Crisis in Guadeloupe: a conflagration caused by deep economic malaise

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The vaccination obligation for health personnel has set Guadeloupe on fire and blood. This explosion of anger is also the expression of a deep economic malaise among the population.

The causes of this social crisis go back a long way. This is what all the representatives of the West Indian archipelago repeat over and over: whether they are politicians, trade unionists, or even business leaders. There are 17% unemployed in Guadeloupe, twice as many as in the metropolis. More than one in three young people does not have a job. In terms of GDP per capita, the comparison with the Hexagon is just as appalling: it is 17% less for the ultra marine department. A third of Guadeloupeans live below the poverty line, according to the latest INSEE survey based on 2018 data. Another indicator of the region’s underdevelopment: water cuts, a daily reality for all inhabitants. In this context, dismissing a caregiver who refuses the vaccine is to throw him into precariousness.

Economic fragility aggravated by the pandemic?

This is not evident in the official macroeconomic figures. GDP ultimately lost 3% last year and unemployment even fell in 2020, in part thanks to exceptional support measures. But these statistical data do not take into account the impact on the informal sector. The pandemic has deprived of income all those who survived on unreported odd jobs. Which probably blew up inequalities.

In the private sector, companies are now paying the bill for Covid-19: the number of business failures jumped in early 2021, while it was decreasing at the same time in metropolitan France. The pandemic has also cut income from tourism, the second largest private activity after agriculture. The high season is for the third time in a row marred by lockdowns. Cruises have resumed, but they are avoiding Guadeloupe, where the health risk is considered too high.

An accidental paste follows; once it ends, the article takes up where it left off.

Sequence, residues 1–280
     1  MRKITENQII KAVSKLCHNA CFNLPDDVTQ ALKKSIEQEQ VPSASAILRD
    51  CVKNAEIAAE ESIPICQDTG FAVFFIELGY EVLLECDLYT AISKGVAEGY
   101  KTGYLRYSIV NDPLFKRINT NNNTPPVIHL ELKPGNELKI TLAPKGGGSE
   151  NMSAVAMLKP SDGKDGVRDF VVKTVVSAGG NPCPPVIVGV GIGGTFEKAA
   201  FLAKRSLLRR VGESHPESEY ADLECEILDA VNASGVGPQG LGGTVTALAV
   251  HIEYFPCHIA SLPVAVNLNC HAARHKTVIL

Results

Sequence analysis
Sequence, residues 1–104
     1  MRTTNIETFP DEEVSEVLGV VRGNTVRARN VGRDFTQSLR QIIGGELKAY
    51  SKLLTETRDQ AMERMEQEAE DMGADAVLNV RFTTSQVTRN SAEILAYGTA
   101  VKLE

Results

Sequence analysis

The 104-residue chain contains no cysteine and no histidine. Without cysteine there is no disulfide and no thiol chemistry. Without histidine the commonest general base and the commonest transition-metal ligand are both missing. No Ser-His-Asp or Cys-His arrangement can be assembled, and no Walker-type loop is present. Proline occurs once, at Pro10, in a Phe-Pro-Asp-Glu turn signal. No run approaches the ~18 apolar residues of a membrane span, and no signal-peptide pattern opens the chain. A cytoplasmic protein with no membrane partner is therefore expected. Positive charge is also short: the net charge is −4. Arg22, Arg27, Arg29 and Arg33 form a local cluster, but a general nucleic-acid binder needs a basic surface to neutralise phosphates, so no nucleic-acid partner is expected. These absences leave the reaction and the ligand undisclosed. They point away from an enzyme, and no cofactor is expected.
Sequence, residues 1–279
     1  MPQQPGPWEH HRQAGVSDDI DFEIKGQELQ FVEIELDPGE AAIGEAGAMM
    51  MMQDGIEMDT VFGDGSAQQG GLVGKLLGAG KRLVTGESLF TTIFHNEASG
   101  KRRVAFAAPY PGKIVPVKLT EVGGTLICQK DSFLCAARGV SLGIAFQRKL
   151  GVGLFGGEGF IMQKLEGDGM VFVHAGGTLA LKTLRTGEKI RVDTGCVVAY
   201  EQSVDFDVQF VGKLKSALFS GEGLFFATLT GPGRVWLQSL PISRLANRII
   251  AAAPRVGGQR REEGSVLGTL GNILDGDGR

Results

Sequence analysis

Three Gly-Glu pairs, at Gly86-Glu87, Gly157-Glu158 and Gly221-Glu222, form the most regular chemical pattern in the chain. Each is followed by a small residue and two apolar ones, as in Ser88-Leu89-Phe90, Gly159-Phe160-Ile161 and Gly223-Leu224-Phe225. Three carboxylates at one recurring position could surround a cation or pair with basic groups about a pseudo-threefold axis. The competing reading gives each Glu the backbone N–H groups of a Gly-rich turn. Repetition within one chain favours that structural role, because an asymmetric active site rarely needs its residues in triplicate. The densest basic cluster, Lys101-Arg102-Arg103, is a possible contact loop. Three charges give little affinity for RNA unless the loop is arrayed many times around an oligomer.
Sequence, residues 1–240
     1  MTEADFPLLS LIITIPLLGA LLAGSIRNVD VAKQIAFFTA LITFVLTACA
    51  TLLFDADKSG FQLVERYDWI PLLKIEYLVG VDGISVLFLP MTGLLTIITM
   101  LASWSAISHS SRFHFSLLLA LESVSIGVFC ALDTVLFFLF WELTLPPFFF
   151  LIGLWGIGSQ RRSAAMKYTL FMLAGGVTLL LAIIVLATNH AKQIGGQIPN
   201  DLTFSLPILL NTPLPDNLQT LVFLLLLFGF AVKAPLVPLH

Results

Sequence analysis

Disappointed expectations following the riots of 2009

This year, Guadeloupeans observe 44 days of strike to protest against the high cost of living, at the time the prices were much higher than in the metropolis while the incomes were much lower. But twelve years later this great gap continues. The check for 580 million euros signed by President Nicolas Sarkzoy to restore calm has not resolved anything. The problems are still the same. Monday, on RFI, the deputy Victorien Lurel affirmed that 600 million euros were needed to resolve the issue of water, that is to say the same amount proposed by the State 12 years ago to fill all the gaps.

►Also read: The demonstrations continue in Guadeloupe, the government under pressure

An oil stain effect?

There is also a strike notice filed in Polynesia for tomorrow, Wednesday, November 24. These territories do not have quite the same economic history, but they share the same handicap linked to their geographical location: their remoteness from the metropolis increases the cost of living and with the inflation which resumes, the difficulties could very quickly to get worse. To give an idea of ​​the scale of the phenomenon: one in three ultra marine is eligible for the exceptional aid for purchasing power put in place following the increase in the price of energy.

In short :

Also in France, Les Restos du Coeur are launching their winter campaign today by alerting to the worsening of precariousness. According to the NGO specializing in the distribution of food products, the epidemic has plunged the most vulnerable. More than half of its beneficiaries say they have lost income since the start of the health crisis. For the past year, the Restos du cœur have distributed meals to 1.2 million people in France.

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